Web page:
In my formative years, and as a father of two Boy Scouts, I spent many nights away from the comforts of home in a collapsible shelter — more commonly know as a tent.
These shelters have been constructed of different materials including cotton canvas, polyester and nylon.
The camper’s worst enemy is the weather, specifically rain. The surest way to stop the ravages of a drought is to pitch a tent. As a teenager our family camped at least twice each summer. Our favorite location was Pulltite Springs on the Current River.
One summer excursion was cut short. We were experienced campers with a water-proof canvas tent with room for mom, dad, my little sister and myself.
Our friends in the adjoining campsite thought they were experienced. After a night of rest our two families headed out for a float trip on the river. We left camp with the sun shining and no clouds in sight.
Half-way into our excursion we were met by dark clouds which quickly turned into a drenching downpour complete with lightning. Soaked to the bone we entered camp as the rain subsided.
The mistake our friends made was leaving the windows of their tent open. We packed up and left for home.
In 1971 the Great Rivers Council — central Missouri Boy Scouts — held a camporee in Jefferson City commemorating Missouri’s sesquicentennial. If you exclude leaving your windows open, water can enter a tent two ways, through a leak in the roof or from the ground. I woke up that night with a small river running through my pup tent effectively tripling the weight of my sleeping bag. I was not alone in my misery.
Our scoutmaster, Don Mueller packed us up in the mud and we left early. That was the last time I remember water driving me out of any tent.
My second adventure as a Boy Scout was at a camporee outside of Linn around 1977 when I was 17 years old. Rain was not the obstacle on this outing. I pitched my tent in the snow which would not have ordinarily been a problem. Still in a pup tent — designed for scouts in middle school — the end of my sleeping bag stuck out the door.
Earning my Eagle Scout badge and leaving home did not put an end to my camping adventures.
Connie and I — to save money — once camped out in Kissimmee, Fla. during a vacation to Walt Disney World. The campground employees gave us a can of white powder, what I assumed to be poison, to encircle our tent and keep out giant bugs.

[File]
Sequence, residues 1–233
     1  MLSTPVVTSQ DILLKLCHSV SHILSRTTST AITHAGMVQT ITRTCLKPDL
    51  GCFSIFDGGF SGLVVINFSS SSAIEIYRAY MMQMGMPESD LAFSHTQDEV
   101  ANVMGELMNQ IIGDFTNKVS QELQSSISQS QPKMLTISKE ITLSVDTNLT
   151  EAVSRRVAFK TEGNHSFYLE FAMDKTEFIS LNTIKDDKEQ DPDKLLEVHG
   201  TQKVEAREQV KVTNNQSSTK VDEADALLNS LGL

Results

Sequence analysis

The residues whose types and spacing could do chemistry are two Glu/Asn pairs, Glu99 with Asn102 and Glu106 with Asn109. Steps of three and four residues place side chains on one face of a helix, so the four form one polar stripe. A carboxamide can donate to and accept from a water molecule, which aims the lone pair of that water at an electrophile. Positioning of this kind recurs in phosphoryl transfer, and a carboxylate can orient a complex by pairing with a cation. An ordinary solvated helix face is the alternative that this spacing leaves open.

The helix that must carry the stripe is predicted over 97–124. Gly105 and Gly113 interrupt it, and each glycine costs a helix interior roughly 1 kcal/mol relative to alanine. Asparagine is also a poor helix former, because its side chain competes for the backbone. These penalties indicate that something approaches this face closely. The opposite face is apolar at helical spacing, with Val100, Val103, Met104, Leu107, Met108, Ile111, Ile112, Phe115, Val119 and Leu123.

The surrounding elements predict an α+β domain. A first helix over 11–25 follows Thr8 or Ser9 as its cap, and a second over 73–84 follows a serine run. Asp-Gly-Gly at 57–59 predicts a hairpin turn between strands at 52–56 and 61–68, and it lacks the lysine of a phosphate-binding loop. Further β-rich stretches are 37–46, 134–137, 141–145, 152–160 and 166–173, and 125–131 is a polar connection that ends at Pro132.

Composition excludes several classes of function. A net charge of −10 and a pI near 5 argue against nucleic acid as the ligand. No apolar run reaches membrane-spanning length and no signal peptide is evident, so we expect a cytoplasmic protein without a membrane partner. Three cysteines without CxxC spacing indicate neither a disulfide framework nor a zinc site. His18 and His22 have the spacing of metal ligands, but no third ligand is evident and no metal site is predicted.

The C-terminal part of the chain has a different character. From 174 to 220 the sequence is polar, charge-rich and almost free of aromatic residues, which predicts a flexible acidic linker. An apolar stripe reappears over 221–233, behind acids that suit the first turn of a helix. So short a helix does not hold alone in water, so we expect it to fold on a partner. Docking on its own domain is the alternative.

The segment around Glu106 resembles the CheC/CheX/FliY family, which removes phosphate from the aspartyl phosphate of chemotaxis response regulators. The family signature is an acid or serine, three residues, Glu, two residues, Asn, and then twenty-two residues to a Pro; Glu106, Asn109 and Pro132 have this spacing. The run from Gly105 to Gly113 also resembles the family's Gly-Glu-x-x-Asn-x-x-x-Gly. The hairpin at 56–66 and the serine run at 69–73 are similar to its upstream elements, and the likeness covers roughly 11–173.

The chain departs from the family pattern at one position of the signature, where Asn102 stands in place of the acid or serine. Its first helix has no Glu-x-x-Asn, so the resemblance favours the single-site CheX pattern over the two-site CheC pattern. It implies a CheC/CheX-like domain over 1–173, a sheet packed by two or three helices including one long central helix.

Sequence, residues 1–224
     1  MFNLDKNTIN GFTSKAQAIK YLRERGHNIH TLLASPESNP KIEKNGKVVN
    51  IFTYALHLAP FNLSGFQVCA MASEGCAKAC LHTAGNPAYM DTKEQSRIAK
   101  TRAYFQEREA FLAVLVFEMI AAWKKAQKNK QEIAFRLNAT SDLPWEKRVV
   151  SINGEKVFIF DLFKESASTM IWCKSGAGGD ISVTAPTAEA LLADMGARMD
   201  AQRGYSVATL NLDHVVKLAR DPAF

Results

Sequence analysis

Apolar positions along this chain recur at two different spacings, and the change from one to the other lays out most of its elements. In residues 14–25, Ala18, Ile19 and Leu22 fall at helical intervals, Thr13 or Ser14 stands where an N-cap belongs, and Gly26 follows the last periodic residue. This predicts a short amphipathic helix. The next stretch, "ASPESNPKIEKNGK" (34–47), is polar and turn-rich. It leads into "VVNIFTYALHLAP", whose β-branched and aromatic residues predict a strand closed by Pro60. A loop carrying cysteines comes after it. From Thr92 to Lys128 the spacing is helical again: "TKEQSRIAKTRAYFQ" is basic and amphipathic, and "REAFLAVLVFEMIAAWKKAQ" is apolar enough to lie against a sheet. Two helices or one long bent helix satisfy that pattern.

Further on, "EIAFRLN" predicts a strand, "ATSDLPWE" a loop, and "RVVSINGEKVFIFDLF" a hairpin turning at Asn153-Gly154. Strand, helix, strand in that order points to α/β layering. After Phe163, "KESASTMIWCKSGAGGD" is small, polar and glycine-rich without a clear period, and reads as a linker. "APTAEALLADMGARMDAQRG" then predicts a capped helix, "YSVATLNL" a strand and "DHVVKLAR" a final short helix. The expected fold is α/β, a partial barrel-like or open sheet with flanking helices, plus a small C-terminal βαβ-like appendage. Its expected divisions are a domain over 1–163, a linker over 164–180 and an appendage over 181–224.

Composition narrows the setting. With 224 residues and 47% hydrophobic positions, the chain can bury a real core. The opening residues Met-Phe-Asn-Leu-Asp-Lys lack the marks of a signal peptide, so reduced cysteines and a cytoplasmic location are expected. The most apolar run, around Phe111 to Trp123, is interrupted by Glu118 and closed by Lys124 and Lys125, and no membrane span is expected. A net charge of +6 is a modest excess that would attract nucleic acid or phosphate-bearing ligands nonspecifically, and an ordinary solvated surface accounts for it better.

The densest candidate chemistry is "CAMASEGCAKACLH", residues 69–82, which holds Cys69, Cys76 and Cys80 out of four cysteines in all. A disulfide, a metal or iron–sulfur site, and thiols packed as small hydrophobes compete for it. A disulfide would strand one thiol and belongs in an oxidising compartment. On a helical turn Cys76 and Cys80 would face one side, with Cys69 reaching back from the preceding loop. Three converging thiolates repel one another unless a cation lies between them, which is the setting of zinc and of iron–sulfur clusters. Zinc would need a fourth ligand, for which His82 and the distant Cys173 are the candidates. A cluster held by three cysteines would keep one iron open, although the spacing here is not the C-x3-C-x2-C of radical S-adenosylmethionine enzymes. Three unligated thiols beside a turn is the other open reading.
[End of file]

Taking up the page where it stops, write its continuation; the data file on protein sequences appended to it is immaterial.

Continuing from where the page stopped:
As our two boys, Jacob and Ethan became active in scouts I camped with them several times a year. Camp Thunderbird — just north of Moberly — was summer camp for Cub Scouts as the boys grew up. One year, when Ethan was a Webelo, the evening temperatures did not drop below 95 degrees.
The tent provided for us was a two man army wall tent. We rolled up the walls, covered ourselves with insect repellent and prayed for a breeze.
For each night camping scouts receive a bead. Different color beads indicate the weather such as black for rain and white for snow. When snow was predicted the Troop 22 would set up an old 12-man canvas tent complete with a wood stove. The problem was the stove had to be filled with wood every hour.
One year we earned a clear bead for camping in below freezing — 20 degrees — at Camp Hohn Scout Camp, Lake of the Ozarks. For insulation we covered the ground with straw. Most of us — myself included — utilized two sleeping bags. I encountered two problems, keeping my face warm and needing to get up in the middle of the night to relieve myself.
The most frightening night I slept in the great outdoors was with the boys camping at Philmont Scout Ranch in New Mexico. Many prayers were said as we tried to sleep in our three man pack tent in the middle of a horrendous thunderstorm. Lightning strikes were all around us.
We survived and remained dry thanks to a sheet of plastic I always kept fastened to the inside of the floor with velcro.
I was rudely awoken during one camping trip with a group of tenderfoot scouts. This was the young scouts’ first night camping with the troop. We camped after working on a merit badge at Earth’s Classroom outside Rosebud.
After getting the boys settled into their tents I retreated to my two man dome tent for a good night’s rest. In the middle of the night I woke when the tent collapsed on me from a heavy wet snow.
Oh the good ole’ days.